PRESENTER: Susan Benson-Sokmen, a Ph.D. candidate in the Department of History
TITLE: Feminism, Nationalism and Armed Struggle in Kurdistan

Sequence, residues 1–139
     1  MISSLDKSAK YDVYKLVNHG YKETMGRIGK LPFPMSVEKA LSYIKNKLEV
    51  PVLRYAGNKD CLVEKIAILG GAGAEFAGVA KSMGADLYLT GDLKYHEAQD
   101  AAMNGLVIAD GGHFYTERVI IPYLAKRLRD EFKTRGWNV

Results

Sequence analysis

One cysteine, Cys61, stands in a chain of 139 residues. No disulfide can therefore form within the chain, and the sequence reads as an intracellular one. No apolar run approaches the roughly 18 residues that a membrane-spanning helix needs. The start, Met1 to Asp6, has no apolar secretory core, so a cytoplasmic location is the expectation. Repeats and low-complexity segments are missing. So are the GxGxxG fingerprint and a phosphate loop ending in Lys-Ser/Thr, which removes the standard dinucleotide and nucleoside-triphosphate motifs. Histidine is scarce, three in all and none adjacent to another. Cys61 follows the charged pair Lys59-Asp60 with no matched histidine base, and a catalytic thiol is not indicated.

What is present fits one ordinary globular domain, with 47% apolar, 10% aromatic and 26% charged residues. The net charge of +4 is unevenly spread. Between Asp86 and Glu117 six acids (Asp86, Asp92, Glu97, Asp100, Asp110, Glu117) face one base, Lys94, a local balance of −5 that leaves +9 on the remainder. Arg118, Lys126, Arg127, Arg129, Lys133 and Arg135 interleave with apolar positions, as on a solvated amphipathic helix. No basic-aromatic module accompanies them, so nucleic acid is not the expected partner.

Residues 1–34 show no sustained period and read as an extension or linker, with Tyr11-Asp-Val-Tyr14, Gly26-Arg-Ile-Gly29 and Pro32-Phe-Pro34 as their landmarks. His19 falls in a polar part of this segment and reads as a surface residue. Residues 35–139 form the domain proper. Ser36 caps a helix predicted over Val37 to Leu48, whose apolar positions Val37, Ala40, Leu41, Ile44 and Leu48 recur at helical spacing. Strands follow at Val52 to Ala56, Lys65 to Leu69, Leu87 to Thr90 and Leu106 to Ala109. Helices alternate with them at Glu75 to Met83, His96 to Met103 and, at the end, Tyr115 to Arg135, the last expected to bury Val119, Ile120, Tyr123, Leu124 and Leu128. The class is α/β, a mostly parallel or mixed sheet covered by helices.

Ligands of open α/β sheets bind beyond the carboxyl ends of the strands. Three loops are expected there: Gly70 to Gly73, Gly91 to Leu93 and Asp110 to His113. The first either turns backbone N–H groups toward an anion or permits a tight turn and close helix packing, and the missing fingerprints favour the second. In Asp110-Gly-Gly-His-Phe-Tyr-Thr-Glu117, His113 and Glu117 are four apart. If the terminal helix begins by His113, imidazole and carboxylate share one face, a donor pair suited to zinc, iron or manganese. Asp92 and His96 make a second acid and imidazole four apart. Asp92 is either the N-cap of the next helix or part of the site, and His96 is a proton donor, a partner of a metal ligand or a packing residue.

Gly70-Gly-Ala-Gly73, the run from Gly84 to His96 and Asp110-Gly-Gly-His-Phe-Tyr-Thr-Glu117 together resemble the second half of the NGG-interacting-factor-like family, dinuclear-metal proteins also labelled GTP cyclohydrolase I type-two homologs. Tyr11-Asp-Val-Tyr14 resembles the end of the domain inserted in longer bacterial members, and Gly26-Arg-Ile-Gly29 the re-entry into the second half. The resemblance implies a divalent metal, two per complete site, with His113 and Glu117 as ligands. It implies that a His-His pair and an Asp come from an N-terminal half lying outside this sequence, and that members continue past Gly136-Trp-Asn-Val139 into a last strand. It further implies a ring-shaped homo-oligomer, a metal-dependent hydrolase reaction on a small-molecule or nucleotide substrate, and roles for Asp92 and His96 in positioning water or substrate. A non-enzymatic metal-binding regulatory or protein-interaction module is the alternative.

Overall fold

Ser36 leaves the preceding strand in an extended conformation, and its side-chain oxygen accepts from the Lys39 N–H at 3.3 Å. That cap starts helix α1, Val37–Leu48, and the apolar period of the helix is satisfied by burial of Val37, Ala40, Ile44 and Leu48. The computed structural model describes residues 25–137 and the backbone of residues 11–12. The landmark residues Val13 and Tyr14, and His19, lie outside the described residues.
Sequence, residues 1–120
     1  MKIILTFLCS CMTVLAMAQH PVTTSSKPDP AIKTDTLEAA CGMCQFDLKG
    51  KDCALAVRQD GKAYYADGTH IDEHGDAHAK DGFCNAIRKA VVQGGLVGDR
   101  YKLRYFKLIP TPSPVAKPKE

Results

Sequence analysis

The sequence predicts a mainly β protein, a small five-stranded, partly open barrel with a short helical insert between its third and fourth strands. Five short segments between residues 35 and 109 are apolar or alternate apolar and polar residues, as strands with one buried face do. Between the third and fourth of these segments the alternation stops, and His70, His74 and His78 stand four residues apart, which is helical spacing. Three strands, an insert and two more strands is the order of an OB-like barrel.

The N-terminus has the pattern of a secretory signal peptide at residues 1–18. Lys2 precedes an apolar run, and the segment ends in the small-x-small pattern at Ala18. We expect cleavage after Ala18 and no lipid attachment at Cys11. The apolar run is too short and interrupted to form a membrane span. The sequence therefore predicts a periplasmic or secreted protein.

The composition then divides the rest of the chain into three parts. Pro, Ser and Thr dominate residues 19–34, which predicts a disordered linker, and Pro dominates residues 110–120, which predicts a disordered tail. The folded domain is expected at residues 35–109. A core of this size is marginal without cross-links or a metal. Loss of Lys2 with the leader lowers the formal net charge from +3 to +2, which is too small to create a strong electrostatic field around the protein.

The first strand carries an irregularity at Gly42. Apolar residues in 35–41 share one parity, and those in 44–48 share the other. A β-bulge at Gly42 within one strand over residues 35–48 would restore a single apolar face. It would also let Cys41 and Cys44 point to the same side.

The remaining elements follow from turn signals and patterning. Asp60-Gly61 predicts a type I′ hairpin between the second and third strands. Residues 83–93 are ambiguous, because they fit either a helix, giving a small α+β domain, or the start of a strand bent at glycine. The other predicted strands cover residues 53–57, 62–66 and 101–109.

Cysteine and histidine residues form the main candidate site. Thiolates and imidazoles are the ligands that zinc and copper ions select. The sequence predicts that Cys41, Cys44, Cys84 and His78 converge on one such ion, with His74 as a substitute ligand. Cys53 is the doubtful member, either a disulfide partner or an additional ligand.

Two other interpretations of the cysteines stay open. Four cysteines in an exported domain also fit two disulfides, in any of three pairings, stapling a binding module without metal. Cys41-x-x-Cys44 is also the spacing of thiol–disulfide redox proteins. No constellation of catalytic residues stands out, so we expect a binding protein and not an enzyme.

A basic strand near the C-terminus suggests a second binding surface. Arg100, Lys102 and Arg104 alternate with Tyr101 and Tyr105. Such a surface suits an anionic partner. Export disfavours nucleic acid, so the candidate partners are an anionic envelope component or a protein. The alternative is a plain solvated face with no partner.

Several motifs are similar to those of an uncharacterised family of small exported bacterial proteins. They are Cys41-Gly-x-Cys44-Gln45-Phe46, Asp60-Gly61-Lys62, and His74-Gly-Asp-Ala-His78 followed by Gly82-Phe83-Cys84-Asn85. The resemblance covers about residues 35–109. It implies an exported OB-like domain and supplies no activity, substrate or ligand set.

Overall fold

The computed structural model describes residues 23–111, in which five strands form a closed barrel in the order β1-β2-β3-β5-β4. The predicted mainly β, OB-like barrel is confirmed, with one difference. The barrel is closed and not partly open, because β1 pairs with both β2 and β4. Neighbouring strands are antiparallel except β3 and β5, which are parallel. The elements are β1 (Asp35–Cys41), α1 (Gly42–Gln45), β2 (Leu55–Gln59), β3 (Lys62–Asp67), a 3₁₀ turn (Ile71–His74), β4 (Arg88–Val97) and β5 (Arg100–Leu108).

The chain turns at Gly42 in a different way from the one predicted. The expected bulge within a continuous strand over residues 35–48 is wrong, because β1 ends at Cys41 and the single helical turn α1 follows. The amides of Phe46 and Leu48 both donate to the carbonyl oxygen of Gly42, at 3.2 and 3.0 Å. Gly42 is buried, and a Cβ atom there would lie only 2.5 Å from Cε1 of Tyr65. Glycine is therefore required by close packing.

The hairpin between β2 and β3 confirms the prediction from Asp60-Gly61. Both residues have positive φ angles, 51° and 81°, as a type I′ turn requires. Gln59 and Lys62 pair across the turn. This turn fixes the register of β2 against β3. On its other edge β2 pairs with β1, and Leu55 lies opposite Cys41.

ABSTRACT: While waiting to offer condolences to the mother and father of Ezda Ararat, a Kurdish female guerrilla fighter with the Kurdistan Workers’ Party (PKK), an older woman complains that the tent set up for the female mourners is missing a portrait of the female ?ehit (martyr). Within minutes a second photo of Ezda is hung in the women’s tent. However, unlike the “official” party portrait of the men’s tent, the second snapshot shows a smiling Ezda, her curly hair loose around her shoulders, clutching a large automatic weapon across her chest. This paper examines the uses of Ezda’s photographic portraits to illuminate how female participation in armed revolutionary struggle has profoundly impacted gender roles and relations in Kurdish society. While Rita Manchanda argues that “the possibility of emancipatory politics” in a culture of militarized violence is a problematic narrative for feminists, it shall be argued here that the failure of feminist curiosity to engage with the legacies of anti-colonial struggle diminishes feminist possibilities and obscures a diverse history of feminist struggle.